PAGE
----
What is the Hypertext Transfer Protocol?
Hypertext Transfer Protocol (HTTP) is the networking communication language used on the World Wide Web to exchange text, graphics, sound, and other types of data and services. HTTP transfers data between globally linked computers in plain text. A secure version of the Hypertext Transfer Protocol (HTTPS) instructs Web browsers to encrypt communication streams to protect sensitive information. HTTPS is used for all commerce, banking, and other services where a secure link is required.
The invention of HTTP and the World Wide Web is credited to MIT English physicist, Sir Timothy John Berners-Lee (“Tim” Berners-Lee). Berners-Lee proposed the idea in March 1989, and in December 1990, he and his team successfully exchanged data between networked computers using the Hypertext Transfer Protocol.
HTTP operates on the client-server model, where the server is a computer on the Internet hosting a website or data bank, and the client is a computer requesting information from the server. HTTP is actually part of a suite of layered networking protocols. In the networking hierarchy, HTTP is an application layer that runs on top of the dominant transport layer known as Transmission Control Protocol (TCP). TCP is part of the Internet Protocol Suite (IPS) which includes the Internet Protocol (IP) addressing convention used with TCP, the combination of which is referred to as TCP/IP.
Every client and server on the Web is identified by a unique numerical IP address or Uniform Resource Locator (URL). This ensures that requests for data and corresponding responses (datagrams) get routed correctly through the various networks that collectively make up the World Wide Web. Numerical IPs are mapped to an associated name to make the URL easier to remember. Hence, one can enter wisegeek.com in the URL window of a browser, rather than having to remember a string of IP numbers. In a rough analogy, TCP might be thought of as the vehicle or engine that HTTP uses to travel between computers, while IP ensures that the best route will be taken and that the data will arrive at the correct destination.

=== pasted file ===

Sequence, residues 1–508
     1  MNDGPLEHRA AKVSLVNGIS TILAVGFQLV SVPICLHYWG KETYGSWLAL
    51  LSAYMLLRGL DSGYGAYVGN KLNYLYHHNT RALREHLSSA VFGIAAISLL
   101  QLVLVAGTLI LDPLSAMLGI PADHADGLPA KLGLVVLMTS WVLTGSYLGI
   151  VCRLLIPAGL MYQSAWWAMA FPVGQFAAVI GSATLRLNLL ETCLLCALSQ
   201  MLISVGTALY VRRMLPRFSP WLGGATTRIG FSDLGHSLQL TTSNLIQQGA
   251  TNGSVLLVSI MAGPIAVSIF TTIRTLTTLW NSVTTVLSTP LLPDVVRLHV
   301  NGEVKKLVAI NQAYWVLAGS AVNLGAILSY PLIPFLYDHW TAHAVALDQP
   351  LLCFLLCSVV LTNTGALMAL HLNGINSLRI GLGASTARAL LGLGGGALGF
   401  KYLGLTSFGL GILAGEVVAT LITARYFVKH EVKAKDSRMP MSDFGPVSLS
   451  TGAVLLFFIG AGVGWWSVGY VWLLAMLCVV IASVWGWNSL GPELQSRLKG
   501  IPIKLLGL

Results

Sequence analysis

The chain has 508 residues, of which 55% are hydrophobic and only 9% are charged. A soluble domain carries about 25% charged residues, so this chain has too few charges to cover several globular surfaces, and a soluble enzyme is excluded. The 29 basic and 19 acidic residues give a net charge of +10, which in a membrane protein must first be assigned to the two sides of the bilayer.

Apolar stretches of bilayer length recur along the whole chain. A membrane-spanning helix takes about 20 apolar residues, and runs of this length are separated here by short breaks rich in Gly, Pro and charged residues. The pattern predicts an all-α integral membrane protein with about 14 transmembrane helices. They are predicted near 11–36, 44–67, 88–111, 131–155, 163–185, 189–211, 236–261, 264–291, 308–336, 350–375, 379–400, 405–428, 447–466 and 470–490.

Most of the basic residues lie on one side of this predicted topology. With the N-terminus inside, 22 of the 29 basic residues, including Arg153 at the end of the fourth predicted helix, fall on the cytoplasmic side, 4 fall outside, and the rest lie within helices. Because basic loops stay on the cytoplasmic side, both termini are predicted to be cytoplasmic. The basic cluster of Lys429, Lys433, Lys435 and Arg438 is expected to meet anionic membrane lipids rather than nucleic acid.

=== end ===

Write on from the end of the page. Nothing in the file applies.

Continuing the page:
Like all protocols, the Hypertext Transfer Protocol has evolved over time, changing versions from its original form. Development for HTTP falls to the Internet Engineering Task Force (IETF) and the World Wide Web Consortium. These entities publish Request for Comments (RFCs) detailing new standards, like RFC 2616 of June 1999, delineating HTTP/1.1, the current version most commonly in use.
Secure HTTPS (https:// vs http://) is virtually identical to standard Hypertext Transfer Protocol but for a call to the Web browser to establish an encrypted connection between the server and client. All modern browsers feature point-to-point encryption, occurring automatically and without user intervention when connecting to a site whose address begins with https://. Any data leaving the server or client is encrypted before leaving the computer, and decrypted upon arrival, remaining inscrutable en route.
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